Android users can expect a different take on reviews and ratings from the Play Store in the near future as Google removes feedback about apps from regions outside the country in which a user is registered. It will also break out figures for smartphones, tablets, wearables and Chrome OS to improve feedback for developers.
From November, Google will start displaying ratings specific to each user's registered country, and in early 2022 it will start displaying ratings specific to the device they're using, with separate categories for tablets, Chromebooks and wearables.
The change is as much for developers who are keen to understand their apps' ratings and reviews from different regions and across different form factors.
This move reflects the reach and diversity of Android devices and users, as well as Android's relative fragmentation compared with iOS.
"We've heard from both Play Store users and developers that ratings and reviews could be more helpful," say members of the Google Play unit.
"This is especially true when ratings from one area unfairly impact another -- like when a bug that only impacted a single country negatively affects the app's rating everywhere; or when positive improvements in a tablet experience are overlooked because of the number of users on phones."
"From November, this means that users on phones will see specific ratings for the country or region they're based in. So a user in Japan will see app ratings generated from those submitted by other Japanese users," Google explains.
"Early next year we'll further update ratings to reflect the device type users are browsing Play on, whether it's: tablets and foldables, Chrome OS, Wear, or Auto," says Google. "This will give users a better impression of the experience that they can expect for the device they're using. We recommend you take a look at your form-factor ratings today -- especially for tablets where growth is very strong -- to see if you should invest in optimising your users' experiences."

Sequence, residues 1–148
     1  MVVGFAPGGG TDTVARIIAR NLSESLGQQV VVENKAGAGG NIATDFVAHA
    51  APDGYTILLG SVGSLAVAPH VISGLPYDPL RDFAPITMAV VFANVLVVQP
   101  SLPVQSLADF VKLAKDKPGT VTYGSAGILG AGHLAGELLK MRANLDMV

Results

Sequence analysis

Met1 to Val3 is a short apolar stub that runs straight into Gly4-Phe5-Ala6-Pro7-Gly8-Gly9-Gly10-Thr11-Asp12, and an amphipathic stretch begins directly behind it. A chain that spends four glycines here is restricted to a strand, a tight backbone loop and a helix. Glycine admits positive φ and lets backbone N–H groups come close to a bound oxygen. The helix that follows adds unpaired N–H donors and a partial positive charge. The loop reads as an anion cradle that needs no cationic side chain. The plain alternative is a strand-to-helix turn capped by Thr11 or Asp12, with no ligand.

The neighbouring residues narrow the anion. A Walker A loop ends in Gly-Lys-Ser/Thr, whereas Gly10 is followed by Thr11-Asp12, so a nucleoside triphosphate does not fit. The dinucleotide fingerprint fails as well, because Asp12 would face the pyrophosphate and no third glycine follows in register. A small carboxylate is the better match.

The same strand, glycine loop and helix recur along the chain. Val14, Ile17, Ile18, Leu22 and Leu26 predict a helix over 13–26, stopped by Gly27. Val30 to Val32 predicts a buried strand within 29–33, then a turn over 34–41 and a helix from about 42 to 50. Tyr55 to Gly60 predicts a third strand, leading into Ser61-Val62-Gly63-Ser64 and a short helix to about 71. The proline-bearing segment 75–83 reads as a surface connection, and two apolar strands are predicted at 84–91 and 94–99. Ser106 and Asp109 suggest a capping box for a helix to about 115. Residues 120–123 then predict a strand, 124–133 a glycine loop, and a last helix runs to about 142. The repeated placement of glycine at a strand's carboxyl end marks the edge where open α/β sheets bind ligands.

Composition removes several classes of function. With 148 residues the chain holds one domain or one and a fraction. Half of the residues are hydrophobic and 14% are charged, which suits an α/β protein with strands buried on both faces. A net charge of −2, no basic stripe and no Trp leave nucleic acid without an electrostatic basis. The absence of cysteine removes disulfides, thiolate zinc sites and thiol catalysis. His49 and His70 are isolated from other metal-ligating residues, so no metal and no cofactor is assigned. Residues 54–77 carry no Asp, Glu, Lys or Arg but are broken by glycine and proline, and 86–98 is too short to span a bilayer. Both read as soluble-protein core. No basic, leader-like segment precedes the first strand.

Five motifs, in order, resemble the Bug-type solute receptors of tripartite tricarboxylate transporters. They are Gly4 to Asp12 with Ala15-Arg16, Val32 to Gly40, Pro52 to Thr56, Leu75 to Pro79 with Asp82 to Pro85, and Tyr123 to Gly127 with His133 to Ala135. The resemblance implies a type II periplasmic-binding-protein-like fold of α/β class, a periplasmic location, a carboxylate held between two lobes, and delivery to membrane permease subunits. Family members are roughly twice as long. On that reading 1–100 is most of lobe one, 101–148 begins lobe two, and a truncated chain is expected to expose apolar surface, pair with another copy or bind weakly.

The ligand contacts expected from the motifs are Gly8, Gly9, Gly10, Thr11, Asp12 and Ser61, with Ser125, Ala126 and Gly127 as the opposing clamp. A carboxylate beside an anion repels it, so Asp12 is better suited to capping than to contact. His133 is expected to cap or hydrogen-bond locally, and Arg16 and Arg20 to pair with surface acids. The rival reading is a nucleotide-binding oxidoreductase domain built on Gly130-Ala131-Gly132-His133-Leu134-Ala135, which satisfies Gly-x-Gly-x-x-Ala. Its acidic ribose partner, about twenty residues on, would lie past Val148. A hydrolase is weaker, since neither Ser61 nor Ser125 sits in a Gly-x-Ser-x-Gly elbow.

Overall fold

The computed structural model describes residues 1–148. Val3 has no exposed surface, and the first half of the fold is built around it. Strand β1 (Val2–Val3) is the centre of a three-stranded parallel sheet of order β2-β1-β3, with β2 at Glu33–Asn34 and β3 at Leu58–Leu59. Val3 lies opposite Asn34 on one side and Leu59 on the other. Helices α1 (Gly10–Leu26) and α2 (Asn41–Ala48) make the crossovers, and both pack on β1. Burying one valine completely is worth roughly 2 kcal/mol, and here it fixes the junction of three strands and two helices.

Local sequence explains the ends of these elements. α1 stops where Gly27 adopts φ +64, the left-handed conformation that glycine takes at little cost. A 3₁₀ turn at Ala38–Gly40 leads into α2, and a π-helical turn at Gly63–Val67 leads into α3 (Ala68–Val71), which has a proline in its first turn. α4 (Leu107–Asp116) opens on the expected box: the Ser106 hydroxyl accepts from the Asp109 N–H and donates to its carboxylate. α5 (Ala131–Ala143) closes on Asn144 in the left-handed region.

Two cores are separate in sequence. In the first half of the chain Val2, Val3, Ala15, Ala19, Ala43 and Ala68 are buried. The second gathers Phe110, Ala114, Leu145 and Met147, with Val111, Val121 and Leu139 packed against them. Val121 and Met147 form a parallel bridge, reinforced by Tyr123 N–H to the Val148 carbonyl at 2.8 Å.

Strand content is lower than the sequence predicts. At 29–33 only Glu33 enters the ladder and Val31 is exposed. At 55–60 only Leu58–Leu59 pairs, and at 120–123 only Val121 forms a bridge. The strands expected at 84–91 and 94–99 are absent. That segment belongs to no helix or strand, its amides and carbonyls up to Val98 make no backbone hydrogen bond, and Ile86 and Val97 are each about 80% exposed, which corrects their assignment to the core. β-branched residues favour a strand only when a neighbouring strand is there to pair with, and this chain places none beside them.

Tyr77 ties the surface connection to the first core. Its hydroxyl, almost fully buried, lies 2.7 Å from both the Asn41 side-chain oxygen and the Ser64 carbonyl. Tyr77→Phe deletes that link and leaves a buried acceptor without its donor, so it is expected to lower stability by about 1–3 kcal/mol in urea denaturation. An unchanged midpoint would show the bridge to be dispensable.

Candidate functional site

The change might help Google engage developers of Android apps for devices like tablets and smartwatches, where Android hasn't been as successful as it has on smartphones.
It may also help Google's new plan to combine Android WearOS with Samsung's Tizen platform, along with a smattering of FitBit's fitness service. The unified platform aims to achieve faster performance, longer battery life and support developers to better compete with Apple, which had about a 30% of the smartwatch market in Q1 2021, according to CounterPoint Research. WearOS had just 4% but combined with Tizen, it could have a 15.7% share.
The Galaxy Watch 4, announced earlier this month, is the first WearOS device running on a Samsung Exynos processor, and is the most likely Apple Watch challenger so far. It's still waiting for FDA approval in the US.
Google notes that "at least 10 weeks" before any change is made in the Play Store, it will automatically analyze the change an app can expect to see. It plans to contact developers when they see a change of more than 0.2 stars on any device type in a key market (that is, any app with greater than 5% of a developer's store listing's visitors).
To further support developers, Google has added a new Device Type dimension to the ratings page in the Play Console. It has also added a Device Type filter for reviews to help developers see how tablet users are rating apps. There's an additional filter for Chrome OS devices, which have proven a popular choice during the pandemic.
Developers can select a time period they want to plot, ranging from the last 28 days to an app's complete lifetime, and see an aggregated view on a daily, weekly, or monthly (28 day) basis.
Google is also letting developers download a CSV file of average data and rating distributions.